Coventry City judgment provides State aid guidance for local authorities

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Summary: The UK High Court has issued a judgment offering useful guidance on the application of the Market Economy Investor Principle in State aid cases, which will be of particular interest to local authorities and other public bodies looking to protect their investments.

The High Court has issued a judgment offering useful guidance on the application of the Market Economy Investor Principle (“MEIP”) in State aid cases, which will be of particular interest to local authorities and other public bodies looking to protect their investments by way of some form of financial or other assistance.

Background

The case concerned a £14.4 million loan made by Coventry City Council (the “Council”) to its 50% subsidiary, Arena Coventry Limited (“ACL”), the long lessee and operator of the arena used by Coventry City Football Club (“CCFC”), at a time when CCFC had not paid rent to ACL in over nine months and ACL was facing insolvency.

The legal challenge to the loan was made by SISU, the owners of CCFC, principally on the basis that it amounted to unlawful State aid. The key issue for the court was whether the Council had acted in accordance with the MEIP (i.e. as a rational private market investor would have done) in granting the loan. Provided this was the case, the loan would not amount to State aid.

Consideration of the MEIP

In finding that the Council had acted in accordance with the MEIP, Mr Justice Hickinbottom made a number of noteworthy points of wider application:

  • If the transaction in question is a loan by a public authority with a shareholding in the relevant undertaking, then the appropriate comparator for the purposes of the MEIP is not a new incoming private investor but a private investor with a similar shareholding. In this case, the fact that a private investor with no shareholding in ACL would not have made a loan of £14.4 million was irrelevant.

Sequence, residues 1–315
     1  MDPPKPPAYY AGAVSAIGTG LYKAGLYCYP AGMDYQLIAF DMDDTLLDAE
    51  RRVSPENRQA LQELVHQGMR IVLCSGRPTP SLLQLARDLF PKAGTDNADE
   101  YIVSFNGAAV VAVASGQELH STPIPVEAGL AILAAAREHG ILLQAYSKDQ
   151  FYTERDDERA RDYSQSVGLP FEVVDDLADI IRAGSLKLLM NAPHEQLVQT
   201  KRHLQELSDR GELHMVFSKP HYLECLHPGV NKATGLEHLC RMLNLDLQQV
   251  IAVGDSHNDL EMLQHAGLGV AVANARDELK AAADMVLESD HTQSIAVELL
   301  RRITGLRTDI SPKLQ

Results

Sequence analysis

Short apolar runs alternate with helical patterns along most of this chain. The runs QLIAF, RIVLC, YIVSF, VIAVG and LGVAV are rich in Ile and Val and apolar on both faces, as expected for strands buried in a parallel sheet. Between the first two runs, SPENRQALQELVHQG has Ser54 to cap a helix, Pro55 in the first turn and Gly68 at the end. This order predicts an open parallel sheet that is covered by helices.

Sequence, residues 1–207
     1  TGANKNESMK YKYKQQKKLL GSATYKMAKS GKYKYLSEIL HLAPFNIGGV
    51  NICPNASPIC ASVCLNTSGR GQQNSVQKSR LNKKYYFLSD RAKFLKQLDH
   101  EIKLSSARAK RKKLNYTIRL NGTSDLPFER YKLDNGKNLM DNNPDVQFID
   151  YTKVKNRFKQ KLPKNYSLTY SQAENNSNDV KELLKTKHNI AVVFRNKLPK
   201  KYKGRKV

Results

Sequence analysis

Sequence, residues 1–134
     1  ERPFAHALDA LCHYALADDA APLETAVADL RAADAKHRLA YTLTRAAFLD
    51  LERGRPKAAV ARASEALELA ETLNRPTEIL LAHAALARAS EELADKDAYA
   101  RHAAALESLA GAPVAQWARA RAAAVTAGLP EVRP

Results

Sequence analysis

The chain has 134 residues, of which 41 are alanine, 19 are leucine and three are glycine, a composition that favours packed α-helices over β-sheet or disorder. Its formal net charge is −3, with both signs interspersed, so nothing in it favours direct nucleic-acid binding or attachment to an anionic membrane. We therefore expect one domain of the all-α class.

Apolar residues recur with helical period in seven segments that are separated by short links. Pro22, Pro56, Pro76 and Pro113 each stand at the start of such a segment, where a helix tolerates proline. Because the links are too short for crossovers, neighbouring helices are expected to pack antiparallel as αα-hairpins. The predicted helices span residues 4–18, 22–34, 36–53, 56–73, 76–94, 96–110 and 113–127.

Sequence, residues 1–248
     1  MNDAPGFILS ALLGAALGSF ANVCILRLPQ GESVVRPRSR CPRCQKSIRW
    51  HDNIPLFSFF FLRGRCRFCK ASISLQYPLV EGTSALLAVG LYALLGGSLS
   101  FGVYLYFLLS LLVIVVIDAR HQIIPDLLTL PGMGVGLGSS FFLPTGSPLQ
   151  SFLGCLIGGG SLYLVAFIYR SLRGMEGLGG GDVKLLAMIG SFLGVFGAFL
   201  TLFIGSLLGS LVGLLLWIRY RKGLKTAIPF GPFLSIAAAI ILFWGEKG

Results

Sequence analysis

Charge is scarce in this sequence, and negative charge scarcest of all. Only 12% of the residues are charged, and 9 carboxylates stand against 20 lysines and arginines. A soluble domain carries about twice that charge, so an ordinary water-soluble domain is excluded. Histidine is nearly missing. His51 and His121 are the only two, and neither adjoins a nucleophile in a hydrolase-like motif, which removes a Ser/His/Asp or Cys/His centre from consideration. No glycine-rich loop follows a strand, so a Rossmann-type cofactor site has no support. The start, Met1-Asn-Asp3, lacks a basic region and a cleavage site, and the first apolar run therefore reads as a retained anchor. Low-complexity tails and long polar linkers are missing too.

• Not all private investors have the same objectives and consequently a public authority has a wide margin of judgment when making investment decisions. State aid will only be found where it is clear that the relevant transaction would not have been entered into, on the relevant terms, by any rational private market operator in the circumstances of the case. Here, a rational private market operator in the position of the Council might well have considered that the refinancing of ACL on the terms in fact agreed was commercially preferable to allowing ACL to become insolvent.

  • Whilst useful, contemporaneous evidence as to whether the MEIP applies must be considered in its broader context. In this case, statements made by the Council to ACL’s bank as to the value of ACL around the time of the loan did not carry great weight as the Council had every reason to play down the company’s true value to the bank.

  • It may be too much to expect for independent advice to be obtained as to precisely what a hypothetical private investor in the position of the public body would do. In this case, the Judge was satisfied that Council had obtained advice as to the value of the arena from Pricewaterhouse Coopers some four months prior to granting the loan.

  • When assessing whether the interest rate charged on a loan is in accordance with the MEIP, the European Commission’s Communication on the Revision of the Method for Setting the Reference and Discount Rates is “clearly worthy of note” and the Commission and the European Court appear to accord it considerable weight. Here, the rate was in the same range as that set out in the Communication.

  • Finally, the fact that a local authority takes into account its political agenda when deciding whether to enter into a transaction will not preclude the application of the MEIP.

 

 

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